Monday, November 14, 2011

Gay Penguins: Survival of the Species Vs. Happiness

Partners for life
Image courtesy: Catherine Murray

Hello, blogoverse, it's been a while. Have I been madly typing 50 K words for Nanowrimo? I wish! No, I've been playing nursemaid to Little Bear. For the past sixteen days. She's all better from her pneumonia, thank goodness, but I've missed my writing time something fierce.

One of the big news stories to hit during my forced hiatus was the Toronto Zoo Gay Penguin Controversy. As a former zookeeper in charge of eighteen African penguins (in the early 90s), I gotta put my two cents in.

At first, I came firmly down on the zookeeper's side of things. The males in question should be separated and given a chance to bond with the females and propagate. The species needs them!

Then again, if the male pair is 'happy', shouldn't they be left alone?

While I do support gay rights (for humans), I don't think the gay community should be looking to these animals as poster-penguins for their cause. The zoo environment is not natural. It is a radically reduced population and these penguins are highly social animals--a situation that leads to some strange bedfellows (or nest fellows).

Same sex pairs are not the most shocking thing that can and does happen. Once penguins have matured, the idea of 'family' goes out the window. While I was a keeper, we had a grandmother/grandson couple. Did they mate? Yes. Why weren't they split up? The female was old, her eggs were never fertile, and her genes (and thus, her grandson's) were well represented in the population. So this odd couple was left alone.

I've blogged before about the lonely, male penguin who tried to mate with me. (Read here.) When I went back to school, I worked part-time and gave up being head penguin keeper. I would often check in on my beau from the public viewing area. It broke my heart to see him sitting by the door, waiting for me. Happily, he bonded with a young female penguin months later.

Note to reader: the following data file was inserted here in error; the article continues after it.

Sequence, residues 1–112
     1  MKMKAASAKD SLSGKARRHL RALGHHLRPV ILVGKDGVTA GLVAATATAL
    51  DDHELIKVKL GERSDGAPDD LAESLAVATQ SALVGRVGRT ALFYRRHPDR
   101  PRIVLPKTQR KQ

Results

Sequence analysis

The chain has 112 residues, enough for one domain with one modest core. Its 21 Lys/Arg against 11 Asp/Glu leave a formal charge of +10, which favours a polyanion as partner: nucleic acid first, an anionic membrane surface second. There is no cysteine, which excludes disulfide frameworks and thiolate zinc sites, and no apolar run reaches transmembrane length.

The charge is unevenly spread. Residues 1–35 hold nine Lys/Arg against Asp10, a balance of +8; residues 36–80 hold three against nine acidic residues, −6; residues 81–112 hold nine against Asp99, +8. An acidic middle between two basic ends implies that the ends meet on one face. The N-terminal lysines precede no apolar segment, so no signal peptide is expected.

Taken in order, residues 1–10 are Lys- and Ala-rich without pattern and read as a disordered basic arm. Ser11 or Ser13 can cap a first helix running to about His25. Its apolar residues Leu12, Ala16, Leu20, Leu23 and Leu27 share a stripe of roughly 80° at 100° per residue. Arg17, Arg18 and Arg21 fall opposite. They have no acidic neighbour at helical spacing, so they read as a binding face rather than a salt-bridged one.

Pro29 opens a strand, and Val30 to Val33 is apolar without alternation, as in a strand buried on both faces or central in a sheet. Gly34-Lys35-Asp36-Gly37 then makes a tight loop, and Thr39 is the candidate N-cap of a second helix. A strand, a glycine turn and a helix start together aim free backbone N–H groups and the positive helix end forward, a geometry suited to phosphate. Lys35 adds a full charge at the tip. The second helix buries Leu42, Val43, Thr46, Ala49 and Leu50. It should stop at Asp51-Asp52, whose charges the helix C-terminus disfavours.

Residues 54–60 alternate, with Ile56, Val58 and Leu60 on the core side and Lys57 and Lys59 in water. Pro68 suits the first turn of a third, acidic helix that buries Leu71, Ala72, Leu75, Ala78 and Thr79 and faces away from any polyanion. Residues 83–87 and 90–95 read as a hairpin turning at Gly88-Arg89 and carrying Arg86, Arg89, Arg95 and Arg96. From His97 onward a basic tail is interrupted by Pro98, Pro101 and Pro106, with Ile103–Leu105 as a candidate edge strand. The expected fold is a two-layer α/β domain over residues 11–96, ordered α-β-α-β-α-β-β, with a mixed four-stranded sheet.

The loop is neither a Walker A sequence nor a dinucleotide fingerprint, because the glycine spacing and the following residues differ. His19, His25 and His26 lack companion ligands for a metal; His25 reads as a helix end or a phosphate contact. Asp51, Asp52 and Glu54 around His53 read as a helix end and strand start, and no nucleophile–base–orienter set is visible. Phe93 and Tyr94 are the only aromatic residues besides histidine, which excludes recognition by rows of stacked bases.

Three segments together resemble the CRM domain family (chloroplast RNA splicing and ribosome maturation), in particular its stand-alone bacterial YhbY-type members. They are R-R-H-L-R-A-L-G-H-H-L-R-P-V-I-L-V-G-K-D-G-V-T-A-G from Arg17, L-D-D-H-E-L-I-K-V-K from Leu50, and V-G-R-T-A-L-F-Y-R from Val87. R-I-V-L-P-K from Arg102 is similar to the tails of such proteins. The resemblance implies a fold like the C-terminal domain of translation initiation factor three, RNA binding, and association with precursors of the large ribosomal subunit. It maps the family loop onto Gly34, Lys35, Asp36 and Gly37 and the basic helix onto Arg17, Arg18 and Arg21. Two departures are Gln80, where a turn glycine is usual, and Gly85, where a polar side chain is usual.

We did have a 'gay' couple. The older male's female mate left him for another guy and the younger male hadn't paired with any penguin at that point. So what made them a gay couple? When a male and female are courting, they start by facing each other, rubbing their heads up and down their partner's neck, and braying loudly. They sound like donkeys, which is why these birds are sometimes called "Jackass Penguins". Then they'll flap their wings at each other's bellies which looks like a cross between dancing and hugging. Eventually the male will circle behind the female and, well, you know.

In the male/male version, things start the same way, but both males circle and continue circling like a pair of punch-drunk boxers. That's where it ends, which is why, perhaps, the Toronto Zoo claims the relationship between their male pair is social, not sexual.

At our zoo, the public never knew about any of these bizarre pairings. But if they did, I don't think anyone would protest the separation of our 'gay' couple, because these two were father and son.

So, should the needs of a species trump the 'happiness' of individuals? Zookeeping is not a glamorous job. For me, 90% of my time was spent cleaning up poop while wearing poop-colored clothes speckled with (what else?) poop. When I quit to become a graduate student, my salary went up. Show me a zookeeper and I show you a person who loves animals more than themselves.

In that regard, I think the decision should be left to the zoo. What do you think?

Friday, October 21, 2011

My New Literary Crush

In the beginning were the howlers. The opening line to Barbara Kingsolver’s The Lacuna refers to the monkeys on Isla Pixol off the coast of Mexico. Later the term comes to symbolize any group whose actual or metaphorical howling is meant to terrify or intimidate.

Howler Monkey
Image courtesy: siwild

Another image from the beginning is a school of fish witnessed by the protagonist, Harrison Shepherd, through a borrowed pair of goggles. He knows that if a shark were to arrive the fish would dart away as a unified body, leaving him for shark-bait. Again, this image resonates throughout the book.

school in Mexico